Creating more women directors

Gillian Armstrong and Pearl Tan speak out on taking over the power positions in film, TV and theatre, plus how women can build sustainable careers.
Creating more women directors Gillian Armstrong believes the first four years are crucial for women directors. Image courtesy NIDA Allison Tyra.

Jane O'Sullivan

Wednesday 2 October, 2019

Recent research shows that female directors are still severely underrepresented in Australia's film, television and performing arts industry. In a panel talk at Sydney's NIDA, veteran director Gillian Armstrong and rising talent Pearl Tan sat down with Margaret Pomeranz to talk about the myths of male genius and leadership, and how risk-averse investors and Australian review culture perpetuates those old ideas.

'In Australia, only 17 per cent of film directors are women, about 21 to 22 per cent of TV directors, and only 10 per cent of the people directing commercials are women,' said Armstrong. 'When you know that the talent coming out of film schools is 50-50, then there's something really wrong.'

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Their suggestions ranged across policy reform and industry-led quotas, as well as targeted initiatives to help female directors survive the first tough years after film school.

The first four years

Armstrong is a vocal advocate for women in the film and television industry. Her research has pinpointed the time when the balance shifts. 'The thing that was so shocking and so sad was that the gap is in the first four years that people leave film school. The girls are not getting their foot in the door and the boys are.'

She adds: 'If you don't get a break in those first four years, you can't pay the rent … Apart from being completely broke and having to find some other way to make money, you start losing confidence in your own talent.'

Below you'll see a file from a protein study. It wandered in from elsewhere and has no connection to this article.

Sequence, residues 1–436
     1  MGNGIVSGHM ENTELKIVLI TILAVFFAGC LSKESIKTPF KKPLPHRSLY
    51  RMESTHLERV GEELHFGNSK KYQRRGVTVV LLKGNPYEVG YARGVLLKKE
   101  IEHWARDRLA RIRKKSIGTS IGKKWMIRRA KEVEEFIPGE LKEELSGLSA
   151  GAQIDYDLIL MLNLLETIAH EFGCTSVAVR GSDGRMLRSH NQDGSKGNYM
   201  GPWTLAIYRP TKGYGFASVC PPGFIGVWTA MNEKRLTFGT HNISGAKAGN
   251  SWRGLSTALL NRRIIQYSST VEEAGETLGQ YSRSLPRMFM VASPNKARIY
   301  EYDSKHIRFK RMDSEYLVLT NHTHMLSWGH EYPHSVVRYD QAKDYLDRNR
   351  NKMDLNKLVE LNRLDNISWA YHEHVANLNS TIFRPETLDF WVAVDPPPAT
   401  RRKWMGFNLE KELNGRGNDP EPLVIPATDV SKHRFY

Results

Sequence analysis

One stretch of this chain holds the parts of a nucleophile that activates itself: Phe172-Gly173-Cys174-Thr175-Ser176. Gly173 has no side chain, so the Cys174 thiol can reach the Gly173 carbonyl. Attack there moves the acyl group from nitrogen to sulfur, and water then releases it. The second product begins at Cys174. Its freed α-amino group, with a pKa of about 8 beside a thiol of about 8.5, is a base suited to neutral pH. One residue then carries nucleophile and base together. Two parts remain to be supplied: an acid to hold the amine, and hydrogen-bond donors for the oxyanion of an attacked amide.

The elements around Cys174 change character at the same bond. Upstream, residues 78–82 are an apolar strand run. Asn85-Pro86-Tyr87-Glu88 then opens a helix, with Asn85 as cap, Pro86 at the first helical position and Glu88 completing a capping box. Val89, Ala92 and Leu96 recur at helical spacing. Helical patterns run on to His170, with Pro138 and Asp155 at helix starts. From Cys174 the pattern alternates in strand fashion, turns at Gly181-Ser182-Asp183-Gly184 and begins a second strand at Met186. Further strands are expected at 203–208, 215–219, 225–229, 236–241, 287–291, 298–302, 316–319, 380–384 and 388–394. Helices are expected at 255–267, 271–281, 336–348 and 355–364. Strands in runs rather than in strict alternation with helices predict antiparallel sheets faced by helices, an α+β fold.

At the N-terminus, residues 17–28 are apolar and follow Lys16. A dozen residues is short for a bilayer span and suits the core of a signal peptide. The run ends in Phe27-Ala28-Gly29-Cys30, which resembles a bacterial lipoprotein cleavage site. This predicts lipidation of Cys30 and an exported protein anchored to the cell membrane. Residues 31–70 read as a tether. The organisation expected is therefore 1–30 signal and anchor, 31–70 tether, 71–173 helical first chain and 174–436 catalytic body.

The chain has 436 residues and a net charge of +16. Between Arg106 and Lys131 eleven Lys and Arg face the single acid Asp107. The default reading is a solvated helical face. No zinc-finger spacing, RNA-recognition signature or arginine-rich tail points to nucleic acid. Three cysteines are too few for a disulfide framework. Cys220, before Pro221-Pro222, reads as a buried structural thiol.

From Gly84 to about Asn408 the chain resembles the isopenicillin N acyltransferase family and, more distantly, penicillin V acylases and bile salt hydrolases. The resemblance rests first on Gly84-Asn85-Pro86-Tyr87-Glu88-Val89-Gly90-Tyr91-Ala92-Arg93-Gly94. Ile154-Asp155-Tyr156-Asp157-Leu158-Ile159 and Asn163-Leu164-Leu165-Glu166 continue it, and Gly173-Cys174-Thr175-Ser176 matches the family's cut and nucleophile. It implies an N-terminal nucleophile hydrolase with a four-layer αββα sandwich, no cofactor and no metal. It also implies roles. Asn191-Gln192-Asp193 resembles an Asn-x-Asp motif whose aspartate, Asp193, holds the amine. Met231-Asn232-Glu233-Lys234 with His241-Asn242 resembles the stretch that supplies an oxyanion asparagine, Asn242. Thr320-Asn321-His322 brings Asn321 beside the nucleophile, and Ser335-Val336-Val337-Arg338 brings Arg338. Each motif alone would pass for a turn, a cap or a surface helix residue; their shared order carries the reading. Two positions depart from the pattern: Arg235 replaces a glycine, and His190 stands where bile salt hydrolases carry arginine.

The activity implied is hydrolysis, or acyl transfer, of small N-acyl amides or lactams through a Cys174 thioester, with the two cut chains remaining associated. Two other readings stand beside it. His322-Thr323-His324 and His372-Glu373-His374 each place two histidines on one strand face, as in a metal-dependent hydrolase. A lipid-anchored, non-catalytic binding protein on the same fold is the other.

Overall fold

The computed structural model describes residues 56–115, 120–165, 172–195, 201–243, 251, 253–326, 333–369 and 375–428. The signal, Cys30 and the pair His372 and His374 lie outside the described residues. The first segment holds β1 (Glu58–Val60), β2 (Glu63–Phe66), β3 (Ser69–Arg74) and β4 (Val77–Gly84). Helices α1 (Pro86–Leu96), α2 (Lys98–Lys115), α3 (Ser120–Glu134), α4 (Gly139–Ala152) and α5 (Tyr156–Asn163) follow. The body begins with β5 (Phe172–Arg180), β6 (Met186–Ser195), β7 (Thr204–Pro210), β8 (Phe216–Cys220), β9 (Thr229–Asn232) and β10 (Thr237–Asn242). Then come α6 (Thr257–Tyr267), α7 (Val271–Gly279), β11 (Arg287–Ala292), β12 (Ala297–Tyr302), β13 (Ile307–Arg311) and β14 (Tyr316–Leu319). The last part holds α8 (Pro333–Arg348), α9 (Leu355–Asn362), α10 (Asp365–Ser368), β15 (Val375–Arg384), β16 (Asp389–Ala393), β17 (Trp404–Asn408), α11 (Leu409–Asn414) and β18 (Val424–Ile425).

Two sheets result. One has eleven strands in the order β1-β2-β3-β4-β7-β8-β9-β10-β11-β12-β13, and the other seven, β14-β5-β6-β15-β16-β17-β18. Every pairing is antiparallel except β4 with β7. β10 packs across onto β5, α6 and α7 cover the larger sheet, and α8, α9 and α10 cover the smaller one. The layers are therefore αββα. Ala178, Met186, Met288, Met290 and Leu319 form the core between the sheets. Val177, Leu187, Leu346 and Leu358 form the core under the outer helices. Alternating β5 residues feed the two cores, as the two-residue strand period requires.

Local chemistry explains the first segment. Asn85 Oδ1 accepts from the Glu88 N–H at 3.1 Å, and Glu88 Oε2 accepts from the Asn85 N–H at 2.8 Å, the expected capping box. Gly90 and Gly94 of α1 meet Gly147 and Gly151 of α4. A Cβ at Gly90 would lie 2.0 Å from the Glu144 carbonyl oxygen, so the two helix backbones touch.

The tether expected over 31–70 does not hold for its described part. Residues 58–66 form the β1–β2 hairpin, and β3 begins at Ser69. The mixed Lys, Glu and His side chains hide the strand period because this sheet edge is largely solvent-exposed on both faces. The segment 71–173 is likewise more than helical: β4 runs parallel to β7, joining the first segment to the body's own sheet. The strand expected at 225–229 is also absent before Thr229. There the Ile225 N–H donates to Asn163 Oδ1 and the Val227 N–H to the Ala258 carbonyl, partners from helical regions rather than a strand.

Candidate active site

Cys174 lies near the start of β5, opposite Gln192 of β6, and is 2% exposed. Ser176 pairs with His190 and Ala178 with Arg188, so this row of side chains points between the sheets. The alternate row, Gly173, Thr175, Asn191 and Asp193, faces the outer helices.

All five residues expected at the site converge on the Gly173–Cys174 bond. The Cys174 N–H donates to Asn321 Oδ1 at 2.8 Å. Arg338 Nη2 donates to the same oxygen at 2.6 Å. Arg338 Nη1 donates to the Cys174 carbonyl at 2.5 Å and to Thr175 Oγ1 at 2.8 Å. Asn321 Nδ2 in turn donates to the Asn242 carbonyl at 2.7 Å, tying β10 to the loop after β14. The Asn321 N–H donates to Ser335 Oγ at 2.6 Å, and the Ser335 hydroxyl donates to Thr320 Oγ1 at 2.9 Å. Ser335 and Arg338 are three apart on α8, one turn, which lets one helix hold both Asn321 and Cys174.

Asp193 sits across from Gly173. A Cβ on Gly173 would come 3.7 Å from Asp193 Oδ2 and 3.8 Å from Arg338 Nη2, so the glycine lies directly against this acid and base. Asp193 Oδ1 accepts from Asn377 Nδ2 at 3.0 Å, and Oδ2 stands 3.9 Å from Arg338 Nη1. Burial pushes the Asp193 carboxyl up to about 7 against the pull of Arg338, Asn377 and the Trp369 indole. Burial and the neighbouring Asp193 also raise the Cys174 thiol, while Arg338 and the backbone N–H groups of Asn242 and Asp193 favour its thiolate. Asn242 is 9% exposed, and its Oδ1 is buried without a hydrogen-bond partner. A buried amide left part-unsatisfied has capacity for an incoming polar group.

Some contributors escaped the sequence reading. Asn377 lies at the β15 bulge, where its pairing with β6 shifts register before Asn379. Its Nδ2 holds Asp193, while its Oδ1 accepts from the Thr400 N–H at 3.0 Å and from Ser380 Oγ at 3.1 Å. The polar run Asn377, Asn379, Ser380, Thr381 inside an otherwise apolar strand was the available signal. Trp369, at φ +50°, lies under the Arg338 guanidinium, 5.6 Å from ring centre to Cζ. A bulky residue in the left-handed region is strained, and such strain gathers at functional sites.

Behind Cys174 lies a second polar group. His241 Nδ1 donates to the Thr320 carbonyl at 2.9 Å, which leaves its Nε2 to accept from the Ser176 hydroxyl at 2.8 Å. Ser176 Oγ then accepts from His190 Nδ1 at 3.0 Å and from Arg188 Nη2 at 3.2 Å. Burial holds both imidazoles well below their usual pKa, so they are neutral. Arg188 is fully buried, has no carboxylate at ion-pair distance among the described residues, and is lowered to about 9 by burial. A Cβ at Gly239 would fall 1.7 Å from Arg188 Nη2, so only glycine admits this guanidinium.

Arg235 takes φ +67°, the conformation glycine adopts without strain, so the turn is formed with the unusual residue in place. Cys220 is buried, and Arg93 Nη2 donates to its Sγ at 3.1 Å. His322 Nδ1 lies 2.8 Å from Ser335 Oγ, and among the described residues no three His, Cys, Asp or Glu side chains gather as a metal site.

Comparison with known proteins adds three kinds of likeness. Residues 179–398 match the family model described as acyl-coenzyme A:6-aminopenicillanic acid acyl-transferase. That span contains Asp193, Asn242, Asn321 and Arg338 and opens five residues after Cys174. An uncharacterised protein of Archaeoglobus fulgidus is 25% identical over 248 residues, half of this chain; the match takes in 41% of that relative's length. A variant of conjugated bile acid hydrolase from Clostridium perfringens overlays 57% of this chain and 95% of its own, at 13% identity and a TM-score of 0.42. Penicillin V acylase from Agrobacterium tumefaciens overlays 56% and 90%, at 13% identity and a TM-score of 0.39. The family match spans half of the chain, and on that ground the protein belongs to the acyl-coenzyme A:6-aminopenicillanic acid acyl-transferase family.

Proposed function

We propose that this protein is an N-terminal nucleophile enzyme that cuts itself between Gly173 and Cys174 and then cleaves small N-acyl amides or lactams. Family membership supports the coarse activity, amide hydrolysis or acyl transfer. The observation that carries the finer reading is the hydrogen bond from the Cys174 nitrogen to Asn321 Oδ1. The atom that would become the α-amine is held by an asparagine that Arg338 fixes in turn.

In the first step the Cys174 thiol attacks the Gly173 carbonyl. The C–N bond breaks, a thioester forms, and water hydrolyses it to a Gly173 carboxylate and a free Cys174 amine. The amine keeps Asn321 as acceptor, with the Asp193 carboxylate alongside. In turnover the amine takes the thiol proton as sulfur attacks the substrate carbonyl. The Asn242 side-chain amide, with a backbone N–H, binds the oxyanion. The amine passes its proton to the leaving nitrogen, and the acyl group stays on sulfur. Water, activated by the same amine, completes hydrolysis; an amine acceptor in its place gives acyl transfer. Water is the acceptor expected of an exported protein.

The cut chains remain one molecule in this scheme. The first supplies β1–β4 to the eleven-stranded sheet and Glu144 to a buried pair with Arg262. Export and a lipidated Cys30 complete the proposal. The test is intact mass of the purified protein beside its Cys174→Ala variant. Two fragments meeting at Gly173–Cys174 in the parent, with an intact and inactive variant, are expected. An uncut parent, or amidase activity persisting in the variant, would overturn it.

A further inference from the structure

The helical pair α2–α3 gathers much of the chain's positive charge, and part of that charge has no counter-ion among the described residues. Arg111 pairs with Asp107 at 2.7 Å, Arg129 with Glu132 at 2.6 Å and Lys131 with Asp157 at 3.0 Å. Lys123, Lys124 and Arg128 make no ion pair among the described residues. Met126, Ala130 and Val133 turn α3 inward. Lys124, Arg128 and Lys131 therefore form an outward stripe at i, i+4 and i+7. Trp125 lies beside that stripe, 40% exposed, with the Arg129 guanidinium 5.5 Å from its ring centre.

Data helps but keep quotas simple

Armstrong is convinced that research and industry targets do shift attitudes. 'That's what it's actually about. It's called unconscious bias. The only way you can fight unconscious bias is to make it conscious,' she said.

Tan, who sits on Screen Australia's Gender Matters taskforce and is doing a PhD on intersectional characters, strongly believed in quotas as a way to break the 'vicious cycle'. She said the taskforce had recently changed its targets, switching to 'pure head counts' rather than percentages to make them easier for industry to understand.

Carrots not sticks

Armstrong pointed to the successful Free The Bid initiative in the United States, which encouraged advertising agencies to seek out the reels of female directors. In Australia, she said there have been two highly successful schemes run by the Director's Guild. One paid agencies to offer practical mentorships. Another handled the risk factor in a different way by paying the salary of a shadow director, who could step in if the junior director needed help. The results have been impressive, she said.

The effect of this work is cumulative, proving that female directors are not a commercial risk. 'Every woman that makes a successful film does help others,' said Armstrong.

She also encouraged early career directors to be aware of and engage themselves in policy debates—particularly around arts funding, Australian content controls, and the impact of content providers like Netflix on local drama production.

Make the best possible work

Surviving the early years after film school is also a matter of hard work. 'Make something small and brilliant – stand out from the crowd,' advised Armstrong. 'Truly, it's about your talent.'

She encouraged directors to be selective about their projects. 'You've got to care about it too, the story,' she said. Because without that passion, it's not worth doing.

Do your homework